CHAUDRY: Yeah, yeah. I would eat in secret. But even as I was eating, even when I was done, I would constantly feel like I was starving. And there was a different kind of emptiness that I was trying to fill, for sure.

RASCOE: We know how people who are overweight, fat people in this society are mistreated all the time. But, like, is there a difference when it comes to being within a Pakistani household, particularly for women?

CHAUDRY: The real big concern in a South Asian household then - I mean, now it might not be as much but at least then - was that, will or will she not be able to get married? Like, if you cannot get your daughter married, she has failed life. You have failed life. What is she going to do? That fear lurked in the back of my head. And frankly, I think it fed into the fact that, like, kind of the first guy that came along that seemed interested, I leapt at it because I thought, I might not get another chance at this.

RASCOE: I think about your mother. She would be concerned about your weight. Like, how did, like, that relationship with your mother evolve when you think about weight and food and all of those issues?

CHAUDRY: You know, when I started writing this book, I didn't realize that I was almost, in a way, kind of journaling about this issue. And I don't really journal. And it helped me connect so many dots, including understanding my mother's eating patterns. My mother, her entire life, including to this day - and she's in her 70s - won't eat with us as a family. She'll eat alone. And I was lucky enough to be able to interview her and my father, understanding how she grew up and why she would have done that. I noticed that I picked up, obviously, some of my mother's patterns throughout my life. At the same time, nobody tells it to you like your mom sometimes.


CHAUDRY: And she read maybe the first 10 pages of this book. And she put it down. And ever since then, she just refers to it as the book I wrote about her because...


RASCOE: Well, it is kind of about her. Like, she plays a very big role.

CHAUDRY: She does. She does. She's always been very blunt. She's tells it like it is, for better or worse, and it seems a little unforgiving. But what I realized as I wrote this is that the reason it is because she is kind of unforgiving to herself, too.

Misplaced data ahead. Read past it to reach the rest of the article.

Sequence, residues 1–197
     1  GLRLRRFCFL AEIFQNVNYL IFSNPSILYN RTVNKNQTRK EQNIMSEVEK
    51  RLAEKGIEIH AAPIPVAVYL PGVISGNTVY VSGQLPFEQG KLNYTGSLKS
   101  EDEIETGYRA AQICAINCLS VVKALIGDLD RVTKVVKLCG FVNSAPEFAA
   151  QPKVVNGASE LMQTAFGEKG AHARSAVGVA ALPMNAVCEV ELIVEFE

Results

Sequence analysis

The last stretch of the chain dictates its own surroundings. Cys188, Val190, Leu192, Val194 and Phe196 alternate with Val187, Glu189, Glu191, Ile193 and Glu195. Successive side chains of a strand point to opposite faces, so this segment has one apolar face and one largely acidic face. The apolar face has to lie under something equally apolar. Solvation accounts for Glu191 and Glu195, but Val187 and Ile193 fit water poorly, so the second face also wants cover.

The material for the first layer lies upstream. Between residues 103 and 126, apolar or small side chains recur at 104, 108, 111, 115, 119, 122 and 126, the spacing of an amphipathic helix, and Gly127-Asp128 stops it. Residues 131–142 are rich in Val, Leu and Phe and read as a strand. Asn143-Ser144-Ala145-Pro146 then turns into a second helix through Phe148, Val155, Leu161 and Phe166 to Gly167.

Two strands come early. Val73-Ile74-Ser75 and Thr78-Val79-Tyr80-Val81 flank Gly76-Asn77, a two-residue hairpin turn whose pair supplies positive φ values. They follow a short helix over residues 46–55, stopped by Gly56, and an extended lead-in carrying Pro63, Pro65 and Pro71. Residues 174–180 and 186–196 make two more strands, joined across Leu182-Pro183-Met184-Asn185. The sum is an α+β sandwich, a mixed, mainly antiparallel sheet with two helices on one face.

RASCOE: You've done a lot of work to get where you are today. Do you feel like right now you're in a sustainable place, in a safe place when it comes to food and weight and fitness?

CHAUDRY: About four or five years ago is when I had a turning point. I was going through just a kind of a personal difficult time, but I started therapy. And that therapy itself didn't do it, but it just kind of came at the right time. And I started doing circuit training, like, strength training. And I had never done that before because everybody told me I just had to run and run and run and do ellipticals and, like, cardio. And the strength training really changed my understanding of my body. I really felt like my body - like I was a failure on this front, like my body didn't respond to anything. And strength training showed me I didn't even know what to do with my body. The thing about strength training is when I was doing it, my trainers were like, you need to eat more. And nobody had ever said that to me in my life because all I wanted to do as I started the strength training was get stronger and stronger. And my trainers were like, OK, well, you know, eat some more dates and nuts and protein. And I was like, OK. And it all kind of just fell into place at that time.

RASCOE: You know, when you say that you've gotten to this sustainable place and that you clicked when you did the strength training, is there anything that you have recognized writing this book? Is there an epiphany, like, oh, the light bulb?

CHAUDRY: The idea of a goal weight or that number on a scale is just completely ridiculous. Like, that number doesn't matter at all - at all - because two people have the exact same weight, might have completely different body compositions. And so the idea of that number, us being held hostage by that number, I have completely - I just don't care about that number anymore. So I don't have a goal weight anymore. I just have a goal, like, way that I want to live.

RASCOE: Rabia Chaudry is the author of "Fatty Fatty Boom Boom." Thank you so much for being with us.

CHAUDRY: Thank you so much, Ayesha. I really appreciate it.

(SOUNDBITE OF MUSIC) Transcript provided by NPR, Copyright NPR.

Ayesha Rascoe is a White House correspondent for NPR. She is currently covering her third presidential administration. Rascoe's White House coverage has included a number of high profile foreign trips, including President Trump's 2019 summit with North Korean leader Kim Jong Un in Hanoi, Vietnam, and President Obama's final NATO summit in Warsaw, Poland in 2016. As a part of the White House team, she's also a regular on the NPR Politics Podcast.